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Friedrich Saemisch
Number of games in database: 590
Years covered: 1920 to 1972

Overall record: +172 -198 =214 (47.8%)*
   * Overall winning percentage = (wins+draws/2) / total games in the database. 6 exhibition games, blitz/rapid, odds games, etc. are excluded from this statistic.

With the White pieces:
 Queen's Pawn Game (47) 
    A46 D02 D00 A50 E10
 Orthodox Defense (37) 
    D51 D52 D63 D64 D67
 Queen's Gambit Declined (26) 
    D37 D35 D30 D06 D31
 Nimzo Indian (21) 
    E24 E21 E35 E20 E38
 Slav (18) 
    D18 D15 D19 D11 D17
 Grunfeld (17) 
    D96 D95 D90 D97 D82
With the Black pieces:
 Sicilian (45) 
    B83 B40 B24 B20 B23
 Ruy Lopez (33) 
    C76 C71 C73 C79 C64
 Queen's Indian (27) 
    E17 E12 E14 E15 E19
 Queen's Pawn Game (27) 
    A46 E10 D01 D02 A45
 Nimzo Indian (25) 
    E38 E21 E20 E23 E32
 French Defense (16) 
    C11 C01 C10 C08 C12
Repertoire Explorer

NOTABLE GAMES: [what is this?]
   Saemisch vs F Herzog, 1924 1-0
   Saemisch vs Capablanca, 1929 1-0
   Saemisch vs Gruenfeld, 1929 1-0
   Saemisch vs O Menzinger, 1953 1-0
   Saemisch vs J Engel, 1928 1-0
   Saemisch vs Reti, 1928 1-0
   Saemisch vs NN, 1934 1-0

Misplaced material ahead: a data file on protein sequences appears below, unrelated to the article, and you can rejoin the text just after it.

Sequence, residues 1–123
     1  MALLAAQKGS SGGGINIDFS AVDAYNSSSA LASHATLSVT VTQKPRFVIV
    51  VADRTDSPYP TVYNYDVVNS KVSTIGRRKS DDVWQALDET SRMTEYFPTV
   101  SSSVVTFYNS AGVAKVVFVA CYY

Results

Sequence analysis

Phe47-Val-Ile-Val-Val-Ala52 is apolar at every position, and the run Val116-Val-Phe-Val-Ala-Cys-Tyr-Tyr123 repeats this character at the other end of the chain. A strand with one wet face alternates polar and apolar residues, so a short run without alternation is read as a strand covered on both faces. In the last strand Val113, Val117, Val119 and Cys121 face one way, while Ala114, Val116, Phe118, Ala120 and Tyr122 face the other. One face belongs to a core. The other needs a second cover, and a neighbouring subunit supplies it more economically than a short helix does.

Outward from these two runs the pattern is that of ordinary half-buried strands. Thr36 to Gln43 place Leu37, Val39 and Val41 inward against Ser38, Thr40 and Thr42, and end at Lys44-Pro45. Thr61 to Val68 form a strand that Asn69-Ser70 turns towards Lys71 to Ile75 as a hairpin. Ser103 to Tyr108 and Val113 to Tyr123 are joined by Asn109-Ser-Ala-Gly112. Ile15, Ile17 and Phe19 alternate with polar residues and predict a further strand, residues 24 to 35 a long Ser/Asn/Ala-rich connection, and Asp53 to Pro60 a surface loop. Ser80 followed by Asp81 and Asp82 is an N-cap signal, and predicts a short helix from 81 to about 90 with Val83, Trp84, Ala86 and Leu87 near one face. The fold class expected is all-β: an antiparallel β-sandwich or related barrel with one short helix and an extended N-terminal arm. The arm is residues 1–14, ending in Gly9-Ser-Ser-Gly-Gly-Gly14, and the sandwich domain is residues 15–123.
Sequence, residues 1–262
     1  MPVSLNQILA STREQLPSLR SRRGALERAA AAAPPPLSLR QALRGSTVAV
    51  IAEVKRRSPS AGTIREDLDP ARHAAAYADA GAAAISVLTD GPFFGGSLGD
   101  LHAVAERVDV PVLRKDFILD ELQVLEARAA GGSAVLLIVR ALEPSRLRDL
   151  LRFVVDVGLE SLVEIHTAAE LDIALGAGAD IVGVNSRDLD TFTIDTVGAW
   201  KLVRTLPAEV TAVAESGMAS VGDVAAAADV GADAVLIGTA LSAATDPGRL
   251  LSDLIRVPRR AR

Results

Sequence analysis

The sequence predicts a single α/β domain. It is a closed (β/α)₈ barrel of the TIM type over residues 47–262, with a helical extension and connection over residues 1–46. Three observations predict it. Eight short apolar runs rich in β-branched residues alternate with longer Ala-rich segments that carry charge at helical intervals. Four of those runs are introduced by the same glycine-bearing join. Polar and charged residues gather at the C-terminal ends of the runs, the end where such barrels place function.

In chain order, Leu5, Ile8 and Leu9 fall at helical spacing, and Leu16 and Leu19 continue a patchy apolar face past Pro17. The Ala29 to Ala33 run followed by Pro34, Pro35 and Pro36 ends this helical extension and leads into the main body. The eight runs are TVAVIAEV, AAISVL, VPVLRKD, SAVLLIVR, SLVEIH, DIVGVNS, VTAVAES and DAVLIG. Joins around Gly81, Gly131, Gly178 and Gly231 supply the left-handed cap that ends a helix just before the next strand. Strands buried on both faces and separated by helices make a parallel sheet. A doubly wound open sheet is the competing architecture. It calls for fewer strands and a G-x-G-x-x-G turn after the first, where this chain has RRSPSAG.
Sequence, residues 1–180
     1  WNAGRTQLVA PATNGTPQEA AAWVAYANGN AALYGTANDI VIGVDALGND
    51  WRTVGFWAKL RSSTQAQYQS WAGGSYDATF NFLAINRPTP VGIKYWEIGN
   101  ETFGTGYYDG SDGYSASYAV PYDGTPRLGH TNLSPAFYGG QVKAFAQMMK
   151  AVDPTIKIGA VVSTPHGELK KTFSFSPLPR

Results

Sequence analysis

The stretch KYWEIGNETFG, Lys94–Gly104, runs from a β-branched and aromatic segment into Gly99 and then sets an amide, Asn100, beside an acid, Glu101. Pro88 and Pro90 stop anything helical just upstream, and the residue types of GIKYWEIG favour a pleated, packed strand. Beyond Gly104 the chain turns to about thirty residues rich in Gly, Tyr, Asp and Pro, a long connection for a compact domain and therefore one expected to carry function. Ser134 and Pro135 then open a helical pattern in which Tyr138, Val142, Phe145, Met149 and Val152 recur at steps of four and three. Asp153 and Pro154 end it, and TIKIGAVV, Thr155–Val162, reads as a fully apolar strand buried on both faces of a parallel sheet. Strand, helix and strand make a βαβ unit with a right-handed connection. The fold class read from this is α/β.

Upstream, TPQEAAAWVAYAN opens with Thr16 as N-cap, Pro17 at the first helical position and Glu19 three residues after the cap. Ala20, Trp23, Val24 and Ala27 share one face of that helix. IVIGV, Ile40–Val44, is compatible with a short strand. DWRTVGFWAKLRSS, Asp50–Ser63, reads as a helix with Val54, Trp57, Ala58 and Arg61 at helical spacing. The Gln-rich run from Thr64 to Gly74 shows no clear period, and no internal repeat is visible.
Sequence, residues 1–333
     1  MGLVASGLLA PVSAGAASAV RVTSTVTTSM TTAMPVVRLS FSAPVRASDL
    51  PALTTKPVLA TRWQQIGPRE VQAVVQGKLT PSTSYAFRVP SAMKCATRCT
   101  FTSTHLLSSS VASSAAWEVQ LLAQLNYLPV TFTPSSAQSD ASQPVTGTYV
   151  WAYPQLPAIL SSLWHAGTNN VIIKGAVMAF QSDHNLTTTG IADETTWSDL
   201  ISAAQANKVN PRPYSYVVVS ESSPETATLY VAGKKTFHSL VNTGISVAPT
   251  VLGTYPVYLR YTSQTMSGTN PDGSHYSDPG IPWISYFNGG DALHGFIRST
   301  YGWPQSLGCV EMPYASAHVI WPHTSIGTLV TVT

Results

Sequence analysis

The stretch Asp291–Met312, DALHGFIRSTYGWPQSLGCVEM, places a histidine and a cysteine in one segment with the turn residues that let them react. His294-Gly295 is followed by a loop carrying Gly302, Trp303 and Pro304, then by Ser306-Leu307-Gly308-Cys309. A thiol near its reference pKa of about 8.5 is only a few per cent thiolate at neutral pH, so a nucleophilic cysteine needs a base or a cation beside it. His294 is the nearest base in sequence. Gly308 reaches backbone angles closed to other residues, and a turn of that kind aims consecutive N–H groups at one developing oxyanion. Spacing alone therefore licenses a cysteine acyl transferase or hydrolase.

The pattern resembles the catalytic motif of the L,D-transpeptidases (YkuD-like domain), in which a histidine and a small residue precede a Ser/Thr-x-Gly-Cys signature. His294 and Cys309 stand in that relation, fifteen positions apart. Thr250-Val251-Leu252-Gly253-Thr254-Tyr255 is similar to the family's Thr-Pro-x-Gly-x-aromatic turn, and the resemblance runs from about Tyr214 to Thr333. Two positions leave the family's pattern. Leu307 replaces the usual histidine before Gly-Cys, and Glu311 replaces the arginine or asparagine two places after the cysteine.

Saemisch vs Carlos Torre, 1925 1/2-1/2
   Jung vs Saemisch, 1936 0-1
   Reti vs Saemisch, 1925 0-1

NOTABLE TOURNAMENTS: [what is this?]
   Copenhagen (1923)
   Baden-Baden (1925)
   Bad Pistyan (1922)
   Dresden (1936)
   Dresden (1926)
   Breslau (1925)
   Frankfurt (1930)
   Gothenburg B (1920)
   Vienna (1922)
   Teplitz-Schönau (1922)
   Marienbad (1925)
   Karlsbad (1923)
   Karlsbad (1929)
   Oldenburg (1949)
   Moscow (1925)

GAME COLLECTIONS: [what is this?]
   Gothenburg B 1920 by Tabanus
   Copenhagen 1923 by suenteus po 147

Search Sacrifice Explorer for Friedrich Saemisch
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(born Sep-20-1896, died Aug-16-1975, 78 years old) Germany

[what is this?]
Friedrich (Fritz) Sämisch was born in Berlin. He was Austrian champion in 1921 and awarded the GM title in 1950. His most notable match win was against Richard Reti (+4, =3, -1) in 1922, and in his best tournament he finished 3rd at Baden-Baden (1925) after Alexander Alekhine and Akiba Rubinstein, won Vienna 1921 ahead of Dr. Max Euwe, Dortmund 1928 ahead of Reti, Efim Bogoljubov and Rudolf Spielmann and Swinemünde (today Świnoujście) 1930 ahead of Salomon Flohr.